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US Plant Physiologist and Pathologist Visit TBBRI for Academic Exchanges

Author:Institute of Tropical Bioscience and Biotechology From:Chinese Academy of Tropical Agricultural Sciences Date:2017-09-12 Hits:
     At the invitation of the Fibers and Asparagus Research Group under TBBRI, Prof. Che Che-Kok Chin came to TBBRI for academic exchanges and gave three presentations on September 21 and 22. Prof Chin is the former director of the Department of Plant Biology and Pathology, Rutgers University, New Jersey of the USA,

     China is the world's largest grower and exporter of asparagus pea. Surpricingly asparagus pea not only frequently appears on the menus of state banquets entertaining foreign  state leaders like those participating to recent G20 summit in Hangzhou, but also  on the menus of many common families due to their affordability and preference as well as health’s concerns. It is believed that asparagus pea industry ushers in a new opportunity for development. For the autumn and winter seasons, North China and South Korea and Japan and other countries need temperature compensating cultivation for asparagus peas, which result in higher cost of asparagus pea production. Therefore a large number of asparagus pea growers shift to Hainan for natural temperature endowment. But typhoon and abundant rain in Hainan caused the outbreak of stem blight disease (quasi important fungal disease caused by Phomopsis asparagi, commonly known as asparagus cancer), which hampers the asparagus pea industry development in Hainan. Under this background, Prof Chee-Kok Chin just came at the right time.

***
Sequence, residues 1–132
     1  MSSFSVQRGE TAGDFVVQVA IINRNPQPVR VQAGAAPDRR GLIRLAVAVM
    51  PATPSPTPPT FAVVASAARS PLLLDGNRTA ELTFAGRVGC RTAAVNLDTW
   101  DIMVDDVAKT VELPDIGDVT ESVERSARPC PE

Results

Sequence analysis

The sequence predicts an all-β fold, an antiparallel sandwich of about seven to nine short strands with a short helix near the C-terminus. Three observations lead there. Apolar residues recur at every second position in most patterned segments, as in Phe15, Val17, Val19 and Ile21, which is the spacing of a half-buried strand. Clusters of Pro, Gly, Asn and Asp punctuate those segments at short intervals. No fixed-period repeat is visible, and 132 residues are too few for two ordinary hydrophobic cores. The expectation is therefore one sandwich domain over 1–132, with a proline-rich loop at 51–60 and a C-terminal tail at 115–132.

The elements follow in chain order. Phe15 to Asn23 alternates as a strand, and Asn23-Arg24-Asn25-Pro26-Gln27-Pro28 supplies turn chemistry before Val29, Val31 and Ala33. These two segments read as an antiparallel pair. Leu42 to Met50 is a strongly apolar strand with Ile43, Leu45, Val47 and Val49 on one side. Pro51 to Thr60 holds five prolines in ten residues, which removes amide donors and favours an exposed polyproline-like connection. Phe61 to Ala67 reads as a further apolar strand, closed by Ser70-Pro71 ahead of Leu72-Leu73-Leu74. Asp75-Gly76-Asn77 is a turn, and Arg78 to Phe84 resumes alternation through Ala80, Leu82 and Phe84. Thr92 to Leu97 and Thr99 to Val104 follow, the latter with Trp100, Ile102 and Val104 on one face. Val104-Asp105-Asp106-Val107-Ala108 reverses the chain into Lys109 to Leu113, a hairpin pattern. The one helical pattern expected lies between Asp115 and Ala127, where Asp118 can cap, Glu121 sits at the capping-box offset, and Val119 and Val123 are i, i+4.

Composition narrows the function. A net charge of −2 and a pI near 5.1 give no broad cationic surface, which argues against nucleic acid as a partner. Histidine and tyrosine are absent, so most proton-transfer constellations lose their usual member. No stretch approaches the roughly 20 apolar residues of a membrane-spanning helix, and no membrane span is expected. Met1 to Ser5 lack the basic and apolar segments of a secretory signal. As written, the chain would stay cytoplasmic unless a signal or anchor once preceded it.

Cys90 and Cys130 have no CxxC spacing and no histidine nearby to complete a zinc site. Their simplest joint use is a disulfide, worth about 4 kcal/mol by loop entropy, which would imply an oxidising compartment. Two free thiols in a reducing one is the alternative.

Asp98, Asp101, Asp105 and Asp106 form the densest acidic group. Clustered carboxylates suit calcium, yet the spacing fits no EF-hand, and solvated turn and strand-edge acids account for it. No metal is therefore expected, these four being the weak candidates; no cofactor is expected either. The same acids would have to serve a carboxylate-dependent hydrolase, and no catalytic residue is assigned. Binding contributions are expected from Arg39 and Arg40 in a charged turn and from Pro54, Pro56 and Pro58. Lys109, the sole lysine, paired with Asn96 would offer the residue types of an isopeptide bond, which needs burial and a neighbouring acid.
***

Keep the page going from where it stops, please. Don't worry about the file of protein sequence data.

In his first presentation Professor Chin introduced the methods of cultivating holandric asparagus pea varieties. Mutation breeding methods were briefed in his second presentation, which included the callus culture, chemical treatment, then scattered cells which would be induced with physical and chemical methods. Then, the above induced cells were treated with biological adversity or abiotic stress. The surviving cells received further culture  to form calli and plantlets which were treated with biological adversity or abiotic stress to obtain desirable varieties. No chimera exist by this method. In his third presentation, Professor Chin highlighted the role of lipids in signal transduction, and as the yeast delta 9 desaturase genes were transformed into plant which would resist several kinds of pathogenic bacteria of phytophthora.

     After that, the asparagus pea team and professor Chin went to asparagus pea growing area in Hainan and answered questions from farmers.

     The Chee - Kok Chin is famous for asparagus pea breeding in the world and has breed a lot of varieties of asparagus pea which are planted in many country.


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